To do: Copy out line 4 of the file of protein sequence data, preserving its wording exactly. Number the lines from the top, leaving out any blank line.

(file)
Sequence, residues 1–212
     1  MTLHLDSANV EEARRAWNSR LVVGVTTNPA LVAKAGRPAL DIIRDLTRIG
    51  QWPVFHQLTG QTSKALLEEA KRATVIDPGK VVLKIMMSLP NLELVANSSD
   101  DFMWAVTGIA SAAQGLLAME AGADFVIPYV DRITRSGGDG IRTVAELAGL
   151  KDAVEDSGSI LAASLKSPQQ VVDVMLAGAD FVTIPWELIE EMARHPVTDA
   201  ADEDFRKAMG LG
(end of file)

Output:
   101  DFMWAVTGIA SAAQGLLAME AGADFVIPYV DRITRSGGDG IRTVAELAGL